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If HG continued past mid-pregnancy, did you experience complications during delivery related to your poor health such as a strained ligaments/joints, pelvic floor damage, prolonged or weak pushing, fainting, low blood pressure, low pain tolerance, forceps/assisted delivery, broken bones, nerve damage, low amniotic fluid, fetal problems due to difficult delivery, etc.?

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Diagnosis

Hyperemesis gravidarum (HG) begins between the fourth and sixth week of pregnancy. Symptoms usually improve somewhat by the 15th to 20th week of gestation, although some women continue to have frequent relapses throughout pregnancy. Most affected women have numerous episodes of vomiting throughout the day with few if any symptom-free periods, especially during the first three to four months. This leads to significant and rapid weight loss, dehydration, electrolyte disturbances, and nutritional deficiencies often requiring hospitalization.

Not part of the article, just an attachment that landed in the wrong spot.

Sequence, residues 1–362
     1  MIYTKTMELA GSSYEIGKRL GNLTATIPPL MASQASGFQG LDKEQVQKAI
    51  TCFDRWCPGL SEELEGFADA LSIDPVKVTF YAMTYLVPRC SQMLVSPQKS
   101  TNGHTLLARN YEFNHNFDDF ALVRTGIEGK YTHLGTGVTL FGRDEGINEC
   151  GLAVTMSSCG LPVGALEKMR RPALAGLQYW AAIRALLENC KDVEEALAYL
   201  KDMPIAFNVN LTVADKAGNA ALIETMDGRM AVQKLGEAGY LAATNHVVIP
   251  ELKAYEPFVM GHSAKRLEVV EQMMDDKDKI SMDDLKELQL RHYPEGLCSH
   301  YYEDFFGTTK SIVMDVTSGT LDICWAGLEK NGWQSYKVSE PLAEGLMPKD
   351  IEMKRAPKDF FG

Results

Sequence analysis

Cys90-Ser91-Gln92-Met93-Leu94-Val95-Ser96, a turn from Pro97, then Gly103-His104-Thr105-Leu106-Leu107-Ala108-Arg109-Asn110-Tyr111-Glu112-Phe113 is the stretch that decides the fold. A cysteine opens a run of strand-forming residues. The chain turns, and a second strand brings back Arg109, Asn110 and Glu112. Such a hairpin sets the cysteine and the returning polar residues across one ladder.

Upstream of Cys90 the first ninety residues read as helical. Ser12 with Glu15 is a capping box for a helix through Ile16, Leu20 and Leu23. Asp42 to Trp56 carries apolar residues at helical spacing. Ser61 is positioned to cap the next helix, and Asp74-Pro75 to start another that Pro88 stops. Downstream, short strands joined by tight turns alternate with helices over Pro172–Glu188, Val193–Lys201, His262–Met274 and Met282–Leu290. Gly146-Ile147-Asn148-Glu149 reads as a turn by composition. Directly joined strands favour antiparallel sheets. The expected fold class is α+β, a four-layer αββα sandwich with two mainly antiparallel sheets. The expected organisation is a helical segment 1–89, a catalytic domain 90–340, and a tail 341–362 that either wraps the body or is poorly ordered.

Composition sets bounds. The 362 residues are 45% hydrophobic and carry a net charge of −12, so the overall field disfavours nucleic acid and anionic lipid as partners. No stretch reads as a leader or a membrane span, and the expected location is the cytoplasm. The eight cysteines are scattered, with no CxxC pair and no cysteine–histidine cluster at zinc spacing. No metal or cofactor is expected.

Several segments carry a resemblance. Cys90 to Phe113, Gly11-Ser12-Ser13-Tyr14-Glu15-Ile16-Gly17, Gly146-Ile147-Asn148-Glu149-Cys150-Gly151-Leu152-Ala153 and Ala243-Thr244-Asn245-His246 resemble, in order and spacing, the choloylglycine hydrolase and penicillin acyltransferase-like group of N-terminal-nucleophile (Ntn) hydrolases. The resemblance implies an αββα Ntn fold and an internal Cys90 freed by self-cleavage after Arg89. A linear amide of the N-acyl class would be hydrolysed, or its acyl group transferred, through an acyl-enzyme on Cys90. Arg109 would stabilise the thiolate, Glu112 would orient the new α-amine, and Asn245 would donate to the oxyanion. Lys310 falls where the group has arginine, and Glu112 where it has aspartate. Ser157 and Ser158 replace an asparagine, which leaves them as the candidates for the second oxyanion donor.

If prolonged or more severe and not treated promptly, these can lead to kidney or liver damage. Numerous complications, some of which can be life-threatening are possible without adequate medical intervention. These women present to their medical providers with weight loss of five to 20+ pounds; however, since some are overweight to begin with, they may not appear malnourished. This is especially true as the pregnancy progresses. Early medical care may decrease severity of a woman's symptoms and lead to quicker recovery.

Updated on: Apr. 18, 2013

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